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Artifizielle Lichträume in Edgar Allan Poes “The Man of the Crowd”

Daniela Doutsch


Pages 447 - 465

open-access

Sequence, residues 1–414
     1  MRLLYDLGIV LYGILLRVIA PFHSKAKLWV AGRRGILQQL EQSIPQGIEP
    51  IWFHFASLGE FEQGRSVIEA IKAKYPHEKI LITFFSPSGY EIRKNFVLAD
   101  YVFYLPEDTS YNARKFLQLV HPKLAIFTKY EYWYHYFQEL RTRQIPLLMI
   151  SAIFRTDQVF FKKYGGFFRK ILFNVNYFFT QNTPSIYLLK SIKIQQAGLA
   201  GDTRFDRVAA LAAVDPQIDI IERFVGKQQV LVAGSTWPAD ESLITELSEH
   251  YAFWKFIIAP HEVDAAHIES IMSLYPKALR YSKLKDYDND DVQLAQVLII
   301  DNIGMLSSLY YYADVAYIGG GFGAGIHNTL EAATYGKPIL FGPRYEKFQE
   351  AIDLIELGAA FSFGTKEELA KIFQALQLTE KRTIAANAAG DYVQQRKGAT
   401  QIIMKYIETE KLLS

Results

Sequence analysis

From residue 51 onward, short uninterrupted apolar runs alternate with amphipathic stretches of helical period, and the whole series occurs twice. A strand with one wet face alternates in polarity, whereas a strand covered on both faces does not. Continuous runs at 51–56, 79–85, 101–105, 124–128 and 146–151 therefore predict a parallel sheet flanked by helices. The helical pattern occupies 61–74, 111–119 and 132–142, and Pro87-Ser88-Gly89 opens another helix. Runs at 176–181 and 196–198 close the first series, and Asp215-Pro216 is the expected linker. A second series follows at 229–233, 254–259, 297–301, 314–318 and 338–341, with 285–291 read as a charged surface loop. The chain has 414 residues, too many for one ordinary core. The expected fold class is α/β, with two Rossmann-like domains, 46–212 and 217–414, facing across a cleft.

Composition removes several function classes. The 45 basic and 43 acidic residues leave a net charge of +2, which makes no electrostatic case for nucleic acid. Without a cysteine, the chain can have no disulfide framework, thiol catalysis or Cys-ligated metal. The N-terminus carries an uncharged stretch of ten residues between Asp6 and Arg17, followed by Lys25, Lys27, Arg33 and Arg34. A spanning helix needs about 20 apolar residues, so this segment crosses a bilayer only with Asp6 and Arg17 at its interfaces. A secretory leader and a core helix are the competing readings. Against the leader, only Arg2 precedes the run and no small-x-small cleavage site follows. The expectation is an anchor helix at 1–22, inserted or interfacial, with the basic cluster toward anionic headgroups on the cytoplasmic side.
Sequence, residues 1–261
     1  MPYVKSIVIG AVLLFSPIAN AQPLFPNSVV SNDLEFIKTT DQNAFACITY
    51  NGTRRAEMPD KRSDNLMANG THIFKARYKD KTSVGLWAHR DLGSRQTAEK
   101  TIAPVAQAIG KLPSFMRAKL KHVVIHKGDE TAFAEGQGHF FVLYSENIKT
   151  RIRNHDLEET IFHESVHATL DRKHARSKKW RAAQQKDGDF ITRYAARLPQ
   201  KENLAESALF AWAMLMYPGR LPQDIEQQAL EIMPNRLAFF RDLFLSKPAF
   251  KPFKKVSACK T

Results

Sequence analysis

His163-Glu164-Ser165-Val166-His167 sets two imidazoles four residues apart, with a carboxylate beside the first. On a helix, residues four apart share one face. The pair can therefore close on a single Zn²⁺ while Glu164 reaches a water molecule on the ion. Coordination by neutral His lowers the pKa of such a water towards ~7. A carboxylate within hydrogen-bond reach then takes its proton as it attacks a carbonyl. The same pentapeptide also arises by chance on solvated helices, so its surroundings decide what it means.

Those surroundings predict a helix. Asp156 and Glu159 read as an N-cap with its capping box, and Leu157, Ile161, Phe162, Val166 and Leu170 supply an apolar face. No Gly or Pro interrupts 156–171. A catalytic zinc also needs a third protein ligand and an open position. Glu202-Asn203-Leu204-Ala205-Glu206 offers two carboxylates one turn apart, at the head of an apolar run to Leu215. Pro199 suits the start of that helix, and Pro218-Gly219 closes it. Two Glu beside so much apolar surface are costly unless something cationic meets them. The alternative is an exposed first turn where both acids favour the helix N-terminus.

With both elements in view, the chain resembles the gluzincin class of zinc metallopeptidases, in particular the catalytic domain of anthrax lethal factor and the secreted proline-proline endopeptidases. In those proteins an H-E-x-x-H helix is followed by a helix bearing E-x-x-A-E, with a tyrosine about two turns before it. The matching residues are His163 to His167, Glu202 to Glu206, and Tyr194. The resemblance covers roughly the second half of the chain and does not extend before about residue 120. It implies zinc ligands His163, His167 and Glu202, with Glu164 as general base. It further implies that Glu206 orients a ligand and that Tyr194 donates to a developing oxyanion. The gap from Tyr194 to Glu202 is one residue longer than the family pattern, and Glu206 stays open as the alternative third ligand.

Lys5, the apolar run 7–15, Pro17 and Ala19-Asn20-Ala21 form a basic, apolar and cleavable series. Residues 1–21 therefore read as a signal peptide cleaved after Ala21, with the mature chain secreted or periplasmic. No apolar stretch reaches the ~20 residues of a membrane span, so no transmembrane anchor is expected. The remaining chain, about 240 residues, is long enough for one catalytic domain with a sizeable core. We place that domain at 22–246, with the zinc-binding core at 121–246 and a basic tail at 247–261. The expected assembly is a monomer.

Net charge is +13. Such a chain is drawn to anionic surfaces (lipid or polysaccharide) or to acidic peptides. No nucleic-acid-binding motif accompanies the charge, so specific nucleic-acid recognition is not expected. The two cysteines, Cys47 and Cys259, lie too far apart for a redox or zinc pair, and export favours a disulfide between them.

This essay explores an aspect of Edgar Allan Poe’s short story “The Man of the Crowd” (1840) which has been largely neglected in literary studies until now: the motif of the gas lamp and the (cultural) consequences of artificial lighting. The bustling crowds in the streets of London at night would be unimaginable without gas lighting. The architecture of these new ‘lightrooms’ creates landmarks in the dark city which cause a reassessment of visual and cultural experiences. This gives rise to a new type of observer for whom the city, full of illusions, becomes the stage for an illegible crime story. By tracing the history of artificial lighting from the beginning of the nineteenth century, the following analysis of Poe’s short story explores the significance of the mobilization and mechanization of the new gaze through gas lighting and can therefore also be read against the background of the interdisciplinary field of material culture studies.

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